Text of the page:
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The experts agree that lifestyle change is the foundation for recovery from CFS. According to Paul Cheney, M.D., this is "easily the most important and often the least emphasized" part of treatment.1
CFS is a cyclical disease. One important aspect of lifestyle change is how you manage your cycles. You can be "doing everything right," and you'll still have cycles, often for no apparent reason. You can, however, learn to reduce their severity, and even use them to your advantage. Here's how.
Waking up to one of those precious "good days" is like finding an unexpected $100 in your pocket. What do you do with this extra money? The temptation might be to go out and spend it all. You may want to "make up for lost time" and do everything you've been deprived of: go shopping, go for a long walk, do the laundry, clean the windows, go to a movie, wash the car, shampoo the carpet, and finish those three or four other projects... knowing that this is a rare opportunity to "get a lot done."
And then, of course, you crash.
There is an alternative way to work with your cycles. You can actually use the good day to help build momentum toward healing. Think of the good day as a form of "capital" that can be invested in your healing process -- rather than being spent or squandered.
I call this "the fifty percent solution," and it goes as follows: When you awaken to a good day, make an assessment of how much you feel you can do. For example, you might make a list of ten things you feel capable of doing and want to do today.
Now, instead of spending all your newfound capital, you would do half the things on your list, and then stop. For the next day or two, you observe your body's responses.
If you crash, your assessment is adjusted downward on your next good day. If you feel fine, you may want to repeat this process, each time doing just half of what you feel capable of doing. As your confidence grows, your appraisal of how much you can do may increase, but you still do just half.
What do you do with the other half of your energy? This is the key. It takes some self-discipline, but here is where you have a chance to do something clever.
The essence of the fifty percent solution is that you spend half your energy and invest the other half. What is not spent outwardly is used inwardly to support your body's self-repair mechanisms. Thus, even though you don't feel you need to, you take extra time to rest.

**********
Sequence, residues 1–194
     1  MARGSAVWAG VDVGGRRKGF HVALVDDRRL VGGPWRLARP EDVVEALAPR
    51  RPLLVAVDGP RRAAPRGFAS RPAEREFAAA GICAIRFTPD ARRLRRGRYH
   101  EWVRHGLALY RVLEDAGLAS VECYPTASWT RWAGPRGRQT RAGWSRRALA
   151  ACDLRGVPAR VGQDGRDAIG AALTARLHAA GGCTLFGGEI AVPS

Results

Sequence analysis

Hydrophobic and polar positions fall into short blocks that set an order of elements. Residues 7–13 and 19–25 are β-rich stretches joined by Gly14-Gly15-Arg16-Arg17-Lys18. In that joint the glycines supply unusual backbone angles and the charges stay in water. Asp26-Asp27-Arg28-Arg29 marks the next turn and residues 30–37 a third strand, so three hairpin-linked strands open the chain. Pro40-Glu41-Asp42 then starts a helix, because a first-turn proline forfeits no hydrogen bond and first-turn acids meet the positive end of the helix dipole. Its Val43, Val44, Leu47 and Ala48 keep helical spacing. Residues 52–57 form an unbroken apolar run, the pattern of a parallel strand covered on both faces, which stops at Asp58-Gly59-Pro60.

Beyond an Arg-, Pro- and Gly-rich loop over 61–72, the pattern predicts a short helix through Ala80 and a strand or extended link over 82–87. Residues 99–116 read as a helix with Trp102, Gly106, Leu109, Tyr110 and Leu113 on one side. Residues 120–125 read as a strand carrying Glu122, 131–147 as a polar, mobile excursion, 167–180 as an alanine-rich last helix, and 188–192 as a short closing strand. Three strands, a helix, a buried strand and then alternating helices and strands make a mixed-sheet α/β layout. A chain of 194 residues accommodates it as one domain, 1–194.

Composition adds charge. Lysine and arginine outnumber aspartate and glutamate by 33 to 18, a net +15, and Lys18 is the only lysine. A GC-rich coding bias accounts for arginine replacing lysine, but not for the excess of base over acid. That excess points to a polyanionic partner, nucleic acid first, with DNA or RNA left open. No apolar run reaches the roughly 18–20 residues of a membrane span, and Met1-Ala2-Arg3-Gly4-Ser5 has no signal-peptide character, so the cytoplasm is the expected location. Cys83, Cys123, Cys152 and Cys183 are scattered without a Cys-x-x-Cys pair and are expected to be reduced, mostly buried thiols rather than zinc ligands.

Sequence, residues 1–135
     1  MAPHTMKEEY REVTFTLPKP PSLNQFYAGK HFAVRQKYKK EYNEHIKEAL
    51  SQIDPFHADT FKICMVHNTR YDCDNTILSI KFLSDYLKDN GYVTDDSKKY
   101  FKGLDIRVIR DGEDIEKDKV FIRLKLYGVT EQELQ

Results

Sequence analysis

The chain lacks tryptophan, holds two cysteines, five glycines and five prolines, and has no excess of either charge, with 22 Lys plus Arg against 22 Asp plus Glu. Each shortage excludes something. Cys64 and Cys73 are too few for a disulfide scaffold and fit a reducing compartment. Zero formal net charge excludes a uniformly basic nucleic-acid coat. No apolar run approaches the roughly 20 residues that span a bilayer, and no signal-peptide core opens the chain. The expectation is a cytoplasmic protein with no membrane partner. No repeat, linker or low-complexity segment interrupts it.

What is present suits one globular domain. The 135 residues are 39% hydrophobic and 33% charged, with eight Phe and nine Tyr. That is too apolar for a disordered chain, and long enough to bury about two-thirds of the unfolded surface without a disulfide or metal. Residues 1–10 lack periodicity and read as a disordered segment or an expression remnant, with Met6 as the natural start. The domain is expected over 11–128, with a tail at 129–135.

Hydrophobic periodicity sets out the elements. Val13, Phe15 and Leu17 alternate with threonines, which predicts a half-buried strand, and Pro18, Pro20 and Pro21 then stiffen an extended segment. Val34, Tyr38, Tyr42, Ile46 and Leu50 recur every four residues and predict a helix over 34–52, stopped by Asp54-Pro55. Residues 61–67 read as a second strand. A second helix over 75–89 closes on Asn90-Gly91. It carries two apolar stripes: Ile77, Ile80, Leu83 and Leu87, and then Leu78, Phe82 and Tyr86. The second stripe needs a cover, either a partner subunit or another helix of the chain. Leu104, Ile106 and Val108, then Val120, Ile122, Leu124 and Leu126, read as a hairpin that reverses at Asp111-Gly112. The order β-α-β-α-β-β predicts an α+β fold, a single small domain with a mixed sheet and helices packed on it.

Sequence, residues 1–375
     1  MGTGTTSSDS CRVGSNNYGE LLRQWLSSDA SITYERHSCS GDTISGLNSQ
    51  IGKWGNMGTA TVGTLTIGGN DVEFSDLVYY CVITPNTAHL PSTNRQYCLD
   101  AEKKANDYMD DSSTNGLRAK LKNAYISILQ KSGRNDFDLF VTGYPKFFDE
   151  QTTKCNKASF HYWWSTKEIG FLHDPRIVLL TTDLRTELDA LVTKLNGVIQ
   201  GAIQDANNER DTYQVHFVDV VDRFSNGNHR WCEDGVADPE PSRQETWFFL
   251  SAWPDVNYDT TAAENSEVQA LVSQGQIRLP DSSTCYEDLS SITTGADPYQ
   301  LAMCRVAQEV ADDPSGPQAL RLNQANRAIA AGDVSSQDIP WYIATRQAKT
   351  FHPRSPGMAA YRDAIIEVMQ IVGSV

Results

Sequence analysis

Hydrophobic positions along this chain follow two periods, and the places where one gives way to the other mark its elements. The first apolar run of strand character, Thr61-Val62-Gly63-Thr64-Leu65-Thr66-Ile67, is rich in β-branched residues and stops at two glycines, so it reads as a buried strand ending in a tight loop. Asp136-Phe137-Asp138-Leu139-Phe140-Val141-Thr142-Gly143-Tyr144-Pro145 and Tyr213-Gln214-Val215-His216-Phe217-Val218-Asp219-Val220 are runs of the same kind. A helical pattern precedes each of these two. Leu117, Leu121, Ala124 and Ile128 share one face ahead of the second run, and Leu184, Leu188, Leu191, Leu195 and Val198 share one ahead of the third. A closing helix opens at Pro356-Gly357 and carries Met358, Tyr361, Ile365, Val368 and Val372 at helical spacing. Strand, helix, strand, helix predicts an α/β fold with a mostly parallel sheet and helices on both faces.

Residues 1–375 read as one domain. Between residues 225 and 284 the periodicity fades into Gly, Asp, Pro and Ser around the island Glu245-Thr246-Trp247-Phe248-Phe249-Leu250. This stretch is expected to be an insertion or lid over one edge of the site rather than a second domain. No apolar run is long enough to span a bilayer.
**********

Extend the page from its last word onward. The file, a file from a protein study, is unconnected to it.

The rest that you get on a good day is of a higher quality than that on a bad day. By gaining extra "unneeded" rest on a good day, you are investing in a savings program that collects interest.
Your body's self-repair mechanisms are what will eventually lead to your recovery. By giving them the benefit of this extra good quality rest, you build momentum toward a higher baseline of functioning.
As you move further toward recovery, your assessment of your available energy will gradually rise. By managing your energy conservatively on your good days, eventually your periods of remission can lengthen, and the severity of your relapses can gradually diminish.
Let your wealth grow. Don't spend every penny you find in your pocket. The fifty percent solution has served as a useful guideline for many former PWC's in promoting recovery.
1Cheney, Paul. Interview in "Physicians' Forum," The CFIDS Chronicle, March 1991, vol. 1, no. 1, pp. 1-17.
Editor's Note: Dr. Collinge's book is available from book stores, libraries, and The CFIDS Association of America, Inc., P.O. Box 220398, Charlotte, NC 28222-0398, 800/442-3437. A set of tapes, "The Home Self-Empowerment Program," is available from the author at 800/745-1837.
Any comments? Send them to Bill Jackson at firstname.lastname@example.org
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